It's hard to say because I write what's in my head, and it's not necessarily derived from any particular source. It could be as simple as, "I want to write something in 6/8 time.

What do you believe is lacking in the industry that if added would stimulate evolutionary new growth and creativity?

I certainly think there's a drive to be popular. Cetainly if you make music that sounds like a classic band or sounds like the current fad, you can have your 15 minutes of MTV fame. What we look for is music that can last years and years, and have respect for ourselves, even if the music doesn't pay the bills (which it doesn't).

What impressions do you have of the new music festivals? (Some examples include Convergence, CopFest, and ProjektFest).

I've only attended one of these (Convergence 1) and also the final NMS back in '94. I think the idea is cool, and it's a great way to get to know people and meet new people. It's also a lot of new music for a reasonable price.

How do you believe these festivals impact the growth of the scene that supports your musical talents?

No, I don't think so. Something like Convergence only happens once a year and in one location. The people that care enough to go to it are going to be people who already like what they're going to see there. I don't think they're going to "convert" anyone who isn't already way into Goth/new music.

How do computers and the Internet impact how tMitG presents itself?

The Internet has helped us a great deal by allowing for this free media to be accessible by anyone. We've also noticed that goths tend to be very net-savvy, so it's helped a not-so-well known band like ourselves get some exposure. Just by posting on a newsgroup, mentioning the band on IRC, or even adding the band so search engines has helped a lot.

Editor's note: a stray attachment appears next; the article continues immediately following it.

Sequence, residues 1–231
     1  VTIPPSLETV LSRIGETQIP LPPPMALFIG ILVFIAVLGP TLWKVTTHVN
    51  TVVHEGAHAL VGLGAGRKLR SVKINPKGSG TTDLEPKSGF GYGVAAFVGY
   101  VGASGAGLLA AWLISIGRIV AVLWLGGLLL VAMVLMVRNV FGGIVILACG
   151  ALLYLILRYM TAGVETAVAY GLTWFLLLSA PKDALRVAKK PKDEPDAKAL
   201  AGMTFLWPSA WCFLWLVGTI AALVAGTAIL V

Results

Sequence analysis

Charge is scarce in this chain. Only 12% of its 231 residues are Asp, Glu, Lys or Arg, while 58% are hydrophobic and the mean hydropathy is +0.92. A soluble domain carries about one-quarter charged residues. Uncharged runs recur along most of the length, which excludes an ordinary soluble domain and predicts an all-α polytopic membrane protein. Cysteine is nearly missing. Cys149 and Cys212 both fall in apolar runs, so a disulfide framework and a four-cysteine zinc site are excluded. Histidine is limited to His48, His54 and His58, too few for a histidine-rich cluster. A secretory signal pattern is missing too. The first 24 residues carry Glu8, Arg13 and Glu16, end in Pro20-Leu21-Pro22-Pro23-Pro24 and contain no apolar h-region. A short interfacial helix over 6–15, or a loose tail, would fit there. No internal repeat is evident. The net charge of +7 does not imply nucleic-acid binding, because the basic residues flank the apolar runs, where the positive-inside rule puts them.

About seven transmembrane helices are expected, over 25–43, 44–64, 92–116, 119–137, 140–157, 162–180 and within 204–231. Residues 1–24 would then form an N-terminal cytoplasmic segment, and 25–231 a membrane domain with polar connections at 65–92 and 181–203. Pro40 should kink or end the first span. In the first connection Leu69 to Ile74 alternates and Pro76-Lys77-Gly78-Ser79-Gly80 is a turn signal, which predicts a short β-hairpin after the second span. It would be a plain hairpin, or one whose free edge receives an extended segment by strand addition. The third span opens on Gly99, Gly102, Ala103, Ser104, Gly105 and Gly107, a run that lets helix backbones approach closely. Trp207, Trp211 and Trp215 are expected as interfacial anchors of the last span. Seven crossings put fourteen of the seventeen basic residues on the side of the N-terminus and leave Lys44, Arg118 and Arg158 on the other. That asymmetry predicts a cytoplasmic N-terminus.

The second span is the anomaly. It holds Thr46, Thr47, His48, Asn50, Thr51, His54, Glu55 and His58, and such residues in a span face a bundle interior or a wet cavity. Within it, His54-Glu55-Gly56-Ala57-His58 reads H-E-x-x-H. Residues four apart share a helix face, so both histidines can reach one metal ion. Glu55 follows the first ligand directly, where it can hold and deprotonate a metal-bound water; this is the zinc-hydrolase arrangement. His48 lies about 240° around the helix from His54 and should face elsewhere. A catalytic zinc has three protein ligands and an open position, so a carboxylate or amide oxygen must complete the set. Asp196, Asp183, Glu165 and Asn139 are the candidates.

Do you utilize computer technology to develop the music itself?

Yes, because we do use a lot of keyboards & digital audio sequencing to create the music. Now, by no means is our equipment state-of-the-art, but we're generally pleased with its performance and we get to express our music sufficiently.

Who would you say characterizes the personality types of people most likely to identify with your music?

It's hard to say. Our audience is predominantly Goth, but really anyone with a "dark" attitude can enjoy what we do. There's quite a lot of "normals" of all age groups who enjoy what we do as well.

Which record label is tMitG currently signed onto?

tMitG is managed through the label Deus ex Musica, which we founded ourselves in fall 1997. Apart from tMitG, we also distribute the bands Zia and Wench, Shadowed Sky magazine and a novel by author Eric Muss-Barnes. We have some licensing prospects for 1999 to get new tMitG released in other markets as well.

Where have you found the largest positive support for your music?

People who have some connection to the Internet and people who enjoy music with compositional merit.

What activities occupy your time outside of recordings and performances?

I have a full-time job as a graphic designer/techie. I also enjoy paying a lot of attention to Summer and our surrogate cat, Freeway.

What problems have you experienced with audio during your live performances in the past?

Too many. Mainly lack of stage monitors or very poor stage monitors. Clueless sound guys.

What really adds to your personal satisfaction of your own live performances?

The audience actually coming up near the stage, paying attention, some people dancing and everyone looking like they're enjoying themselves.

How do your recordings generally evolve?

In any given way. They can start with any instrument and evolve all at once. A fragment can evolve and then be finished 3 years later.

Which writers have had influence upon the development of your music?

The 2 biggie writers are Aeschylus and Shakespeare. We've used they're words as lyrics twice each now.

Where might fans specifically look for the most recent reviews of your music and interviews with band members?

We try to keep reviews and links to interviews on our website at http://www.rpi.edu/~fracer/. Most recently, we had an interview in the January 1999 issue of Outburn magazine.

How might fans reading this be most likely to contact tMitG for more information?

People can visit our web page at http://www.io.com/~tmitg/, email us directly as fracer@rpi.edu, or snail mail us at 4815 W. Braker Lane, Suite 502-234, Austin TX 78759.